In the midst of the particularly vindictive session of President Trump’s infamous “executive time” this morning which saw the president lashing out like a wounded animal at his enemies, real and perceived, he stopped to take a petulant swipe at former President Obama and reiterate one of his favorite conspiracy theories – that President Obama sent a prodigious sum of cash to the Islamic Republic of Iran.
Never gotten over the fact that Obama was able to send $1.7 Billion Dollars in CASH to Iran and nobody in Congress, the FBI or Justice called for an investigation!
— Donald J. Trump (@realDonaldTrump) February 18, 2018
Trump’s tweet is deliberately vague and does not deign to mention what this money may have been for; possibly to simply rouse up right-wing fury at the obvious insinuation that our first black president illegally funneled funds to the boogeyman of the Middle East as part of a terrorist conspiracy – or he’s just forgotten the details of this particular conspiracy theory. He deals in so many of them it must be hard for him to keep them all straight.
Either way, the tweet is extremely disingenuous and insulting to our former president. Here’s a reminder of what actually happened with the $1.7 billion.
The cash transfer that Trump is referring to is the return of $400 million dollars to Iran that the United States gave back around the time that an American cruiser accidentally drifted into Iranian waters and was seized in January 2016.
Right-wing media had a field day in their shameless attempts to paint this as evidence that President Obama gave a $400 million “ransom” for the return of our servicemen, but as usual, they refused to do their homework.
In the 1970s, the United States made a deal to sell $400 million worth of fighter jets to the Shah of Iran. The Shah paid upfront but was then deposed in the Iranian revolution, so the United States never delivered the jets.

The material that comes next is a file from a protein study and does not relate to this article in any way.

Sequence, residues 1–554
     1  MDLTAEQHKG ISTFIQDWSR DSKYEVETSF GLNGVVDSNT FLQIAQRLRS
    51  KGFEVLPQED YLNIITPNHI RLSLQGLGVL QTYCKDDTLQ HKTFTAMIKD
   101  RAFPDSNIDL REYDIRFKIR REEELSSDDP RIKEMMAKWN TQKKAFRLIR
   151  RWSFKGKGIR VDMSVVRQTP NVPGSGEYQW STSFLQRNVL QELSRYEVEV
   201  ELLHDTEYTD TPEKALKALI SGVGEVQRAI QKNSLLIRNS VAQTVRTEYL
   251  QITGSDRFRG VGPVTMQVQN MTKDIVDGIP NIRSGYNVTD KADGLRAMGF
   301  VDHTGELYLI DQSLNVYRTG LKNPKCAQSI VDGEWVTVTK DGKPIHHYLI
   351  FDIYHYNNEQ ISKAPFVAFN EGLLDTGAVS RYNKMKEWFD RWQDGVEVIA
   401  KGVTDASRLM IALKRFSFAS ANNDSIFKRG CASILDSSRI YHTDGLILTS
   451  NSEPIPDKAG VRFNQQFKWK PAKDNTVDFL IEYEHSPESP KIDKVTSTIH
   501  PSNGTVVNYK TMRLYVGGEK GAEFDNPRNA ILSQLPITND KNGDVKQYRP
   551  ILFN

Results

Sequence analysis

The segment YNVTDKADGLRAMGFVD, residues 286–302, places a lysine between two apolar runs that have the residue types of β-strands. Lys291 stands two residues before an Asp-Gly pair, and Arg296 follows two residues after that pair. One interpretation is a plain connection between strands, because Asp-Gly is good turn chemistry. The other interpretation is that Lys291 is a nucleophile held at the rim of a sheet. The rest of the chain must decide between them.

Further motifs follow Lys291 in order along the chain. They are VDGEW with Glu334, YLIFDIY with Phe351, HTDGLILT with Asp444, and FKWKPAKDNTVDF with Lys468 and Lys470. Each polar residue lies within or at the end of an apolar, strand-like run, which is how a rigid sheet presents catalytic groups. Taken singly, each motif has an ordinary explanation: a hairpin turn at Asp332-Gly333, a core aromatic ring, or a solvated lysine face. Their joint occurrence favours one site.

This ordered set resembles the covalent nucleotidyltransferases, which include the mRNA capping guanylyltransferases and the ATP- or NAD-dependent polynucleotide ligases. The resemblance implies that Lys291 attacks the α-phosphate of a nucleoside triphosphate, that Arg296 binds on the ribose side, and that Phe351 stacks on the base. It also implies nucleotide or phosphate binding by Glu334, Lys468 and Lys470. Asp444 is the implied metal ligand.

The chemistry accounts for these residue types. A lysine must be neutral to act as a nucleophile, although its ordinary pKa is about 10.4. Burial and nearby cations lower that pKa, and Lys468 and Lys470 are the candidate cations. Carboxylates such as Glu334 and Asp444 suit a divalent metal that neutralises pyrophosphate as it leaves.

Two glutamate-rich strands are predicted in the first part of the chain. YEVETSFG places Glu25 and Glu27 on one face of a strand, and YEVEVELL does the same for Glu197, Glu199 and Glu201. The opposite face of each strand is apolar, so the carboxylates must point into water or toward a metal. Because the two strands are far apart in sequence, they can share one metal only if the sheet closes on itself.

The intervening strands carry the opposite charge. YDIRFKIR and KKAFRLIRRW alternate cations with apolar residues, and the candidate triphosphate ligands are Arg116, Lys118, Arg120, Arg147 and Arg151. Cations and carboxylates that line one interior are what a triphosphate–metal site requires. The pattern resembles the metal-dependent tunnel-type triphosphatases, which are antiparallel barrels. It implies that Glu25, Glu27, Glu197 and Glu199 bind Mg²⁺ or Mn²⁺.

The return of that $400 million – which had ballooned to $1.7 billion after forty or so years of interest – was indeed used as a bargaining chip in the negotiations to release the American sailors that had been detained after their cruiser violated Iranian territorial sovereignty – but the distinction between bargaining chip and “ransom” is critical.
The rest of the $1.3 billion was withheld and returned to Iran after the sailors were returned home safely, unharmed but for a few bruised egos. It was Iran’s money to begin with, and we were morally required to return it.
But seeing as President Trump’s business record is a dismal list of failures, bad faith “deals,” and outright theft, it should come as no surprise that a good-faith deal to prevent a nuclear standoff with a major power is portrayed as a capitulation and a betrayal for no other reason than to fan his own sense of superiority and to appease the war-hungry neoconservative jackals that wait in the wings.